From Steve Martin's MasterClass

Profanity and Morality

Steve discusses the questions that face every comedian when it comes to vulgarity and political correctness.

Topics include: Foul Material • Consider Kind Comedy • Identify Your Morality • Student Session: Workshopping Will’s Act (cont’d)

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Steve discusses the questions that face every comedian when it comes to vulgarity and political correctness.

Topics include: Foul Material • Consider Kind Comedy • Identify Your Morality • Student Session: Workshopping Will’s Act (cont’d)

Steve Martin

Teaches Comedy

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Certain performers can do foul material. It's fantastic. Richard Pryor-- I'm not saying that it was foul, I mean, not by today's standards-- but it can be. It could be so funny, and somebody else has it, and it's vulgar in some way, and I mind it. And other performers, it's just up to the performer, but I don't have any judgment on the type of material. It could be completely dirty or completely clean. I don't care. That's not how it works. It's all about this thing called comedy and how you make that work. And I hate to sit here and go, there's no real answer. I could just give you directions. That's what's so great about it. There's no one way to be a painter. There's no way to solve it. And even if somebody solves it, they solved it personally. And someone else comes along and is also fantastic. [MUSIC PLAYING] There is definitely an argument for your position on political correctness. And you can violate it, I think, to a degree, or not violate it, which I think is actually preferable, because I think there's a lot to PC that is good. And there's a lot happening that is not so good. People are probably too easily offended, but we're in that sort of backlash stage of people being offensive. So I think that'll all settle out. And sometimes I've seen artists break boundaries and went, ooh, and then later, you kind of thought it was funny. But when you break that boundary, when you say I'm going to talk about this, you're defining yourself. And it's about your-- and this is not judgmental. It's about what your morality is. So you're kind of defining your morality. When Madonna came on the scene, she was really pushing a morality boundary, talking about vaginas, and this, and the way she dressed, and the religious things. But now that's sort of common. It became almost passe. So this is a question that is almost unanswerable. Because you'll know, if you're a non-PC person, you're going to learn very quickly how far you can go. So I'd just be very careful there. If you're going to test it, make sure you test it privately so it doesn't stick with you. And today, something can stick with you forever. [MUSIC PLAYING] It's very-- relatively easy to do comedy that insults people, because there's always us and them. And I think that's perfect when you're young. As I get older and I've had more experience, you become more empathetic to people. And now like a thing that would have meant nothing to me, you know, 30 years ago, I go mmm, somewhere there's someone watching who might be overweight, who might be this or that. And I start to feel for them. But it's not the purview of the young to become too sensitive I would think. But it's very interesting to think of what is kind comedy? And kind comedy would usually reflect back on yourself. You would make fun of yourself rather than other peopl...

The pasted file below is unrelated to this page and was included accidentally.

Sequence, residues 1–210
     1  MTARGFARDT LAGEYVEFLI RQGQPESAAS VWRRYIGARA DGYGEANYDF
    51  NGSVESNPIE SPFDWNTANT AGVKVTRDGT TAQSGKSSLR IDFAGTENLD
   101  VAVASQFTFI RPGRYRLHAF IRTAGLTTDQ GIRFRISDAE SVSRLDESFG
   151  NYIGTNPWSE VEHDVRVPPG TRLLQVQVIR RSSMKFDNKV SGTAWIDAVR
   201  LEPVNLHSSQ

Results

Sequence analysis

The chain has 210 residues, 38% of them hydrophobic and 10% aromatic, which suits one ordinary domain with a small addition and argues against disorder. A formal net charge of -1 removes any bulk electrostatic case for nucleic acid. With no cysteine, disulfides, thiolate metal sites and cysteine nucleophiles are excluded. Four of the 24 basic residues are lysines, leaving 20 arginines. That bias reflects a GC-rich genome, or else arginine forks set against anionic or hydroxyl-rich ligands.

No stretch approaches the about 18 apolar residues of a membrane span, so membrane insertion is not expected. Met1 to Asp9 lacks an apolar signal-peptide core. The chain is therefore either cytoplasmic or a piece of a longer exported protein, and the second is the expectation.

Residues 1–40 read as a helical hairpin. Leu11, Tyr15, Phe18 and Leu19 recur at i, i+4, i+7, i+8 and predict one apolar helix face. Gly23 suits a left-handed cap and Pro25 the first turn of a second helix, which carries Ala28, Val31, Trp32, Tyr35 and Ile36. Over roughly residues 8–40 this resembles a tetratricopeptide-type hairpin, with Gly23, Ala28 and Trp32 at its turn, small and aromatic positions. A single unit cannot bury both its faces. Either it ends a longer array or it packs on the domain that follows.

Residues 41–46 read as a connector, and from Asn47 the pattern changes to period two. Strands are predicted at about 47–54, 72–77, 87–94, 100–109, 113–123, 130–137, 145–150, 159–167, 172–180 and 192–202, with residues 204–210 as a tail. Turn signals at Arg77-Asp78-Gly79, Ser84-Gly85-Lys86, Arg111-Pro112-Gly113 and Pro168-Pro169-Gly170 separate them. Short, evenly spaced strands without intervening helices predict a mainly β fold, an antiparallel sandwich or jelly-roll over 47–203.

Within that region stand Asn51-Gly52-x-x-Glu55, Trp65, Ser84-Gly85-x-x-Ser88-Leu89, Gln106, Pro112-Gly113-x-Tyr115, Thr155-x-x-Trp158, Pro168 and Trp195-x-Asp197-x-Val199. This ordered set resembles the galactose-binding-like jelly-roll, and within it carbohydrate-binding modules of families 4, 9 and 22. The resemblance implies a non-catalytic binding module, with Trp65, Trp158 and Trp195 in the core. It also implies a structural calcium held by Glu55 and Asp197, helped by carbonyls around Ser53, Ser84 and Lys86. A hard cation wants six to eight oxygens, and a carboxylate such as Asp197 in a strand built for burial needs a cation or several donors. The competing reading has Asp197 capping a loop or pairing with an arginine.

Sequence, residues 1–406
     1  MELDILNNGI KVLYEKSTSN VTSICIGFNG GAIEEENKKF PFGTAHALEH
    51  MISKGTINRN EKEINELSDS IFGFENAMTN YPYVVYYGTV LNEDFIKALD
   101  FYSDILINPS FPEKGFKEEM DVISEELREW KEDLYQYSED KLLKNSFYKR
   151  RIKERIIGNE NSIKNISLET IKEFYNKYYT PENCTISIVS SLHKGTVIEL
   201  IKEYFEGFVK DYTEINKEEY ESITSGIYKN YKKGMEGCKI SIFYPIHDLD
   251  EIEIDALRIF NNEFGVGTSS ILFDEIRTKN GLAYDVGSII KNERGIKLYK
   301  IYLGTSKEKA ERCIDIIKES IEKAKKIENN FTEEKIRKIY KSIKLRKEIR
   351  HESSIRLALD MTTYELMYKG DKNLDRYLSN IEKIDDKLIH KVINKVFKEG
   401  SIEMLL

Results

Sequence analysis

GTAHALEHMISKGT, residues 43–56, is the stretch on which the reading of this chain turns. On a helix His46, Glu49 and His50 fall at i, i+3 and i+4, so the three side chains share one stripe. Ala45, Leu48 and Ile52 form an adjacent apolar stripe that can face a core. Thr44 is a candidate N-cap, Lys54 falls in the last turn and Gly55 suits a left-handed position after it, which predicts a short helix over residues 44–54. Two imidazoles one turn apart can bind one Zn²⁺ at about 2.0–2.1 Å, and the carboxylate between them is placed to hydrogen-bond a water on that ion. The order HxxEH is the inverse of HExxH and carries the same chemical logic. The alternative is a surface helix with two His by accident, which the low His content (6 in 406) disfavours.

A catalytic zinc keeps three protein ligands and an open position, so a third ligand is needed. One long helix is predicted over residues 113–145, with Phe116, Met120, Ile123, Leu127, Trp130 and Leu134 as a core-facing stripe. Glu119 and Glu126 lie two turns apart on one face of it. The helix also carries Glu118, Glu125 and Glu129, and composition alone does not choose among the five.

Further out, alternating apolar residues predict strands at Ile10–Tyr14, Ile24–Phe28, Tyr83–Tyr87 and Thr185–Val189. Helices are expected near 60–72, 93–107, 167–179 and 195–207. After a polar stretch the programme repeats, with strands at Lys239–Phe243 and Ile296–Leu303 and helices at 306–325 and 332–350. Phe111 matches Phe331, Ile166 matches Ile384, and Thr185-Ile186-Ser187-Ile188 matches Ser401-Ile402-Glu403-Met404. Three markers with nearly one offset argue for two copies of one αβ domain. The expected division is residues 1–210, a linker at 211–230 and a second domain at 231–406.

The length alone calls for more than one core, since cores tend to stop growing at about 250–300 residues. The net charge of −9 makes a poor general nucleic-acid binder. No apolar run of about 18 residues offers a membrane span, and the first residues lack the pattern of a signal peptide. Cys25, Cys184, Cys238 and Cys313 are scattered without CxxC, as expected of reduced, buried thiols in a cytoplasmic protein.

A comedian walks into a classroom...

One of Steve’s first gigs was at the drive-in movies. When the audience liked a joke, they honked. In this comedy class, Steve shares insights from performing for cars and humans over a 50-year career spanning sold-out arenas and blockbuster films. Learn how to find your voice, gather material, develop an act, and take your comedy writing to the next level.

Reviews

4.7
Students give MasterClass an average rating of 4.7 out of 5 stars.

Steve has a great way of showing us that his craft is all about perspective and that we often have to look at it from many different angles to see what will work best. I like that he shows us that comedy is really a collaborative effort between the writer, producer, actors and the audience. He has a comfortable instructive style that shows that he relates to what we are all trying to accomplish.

I write YA novels. Mr. Martin's class helped me think of ways to interject comedy into my writing. I especially enjoyed his screenplay segments.

Superb. I have ZERO interest in being a comedian or in doing standup, but as an actorI found this course to be tremendously beneficial.

1.) STARS like Steve Martin are human beings with all their doubts and ups and down in theirs lifes. 2.) "There is room for You!" that´meens: for me! 3.) Make a problem worse is a good advice.

Comments

ALICIA S.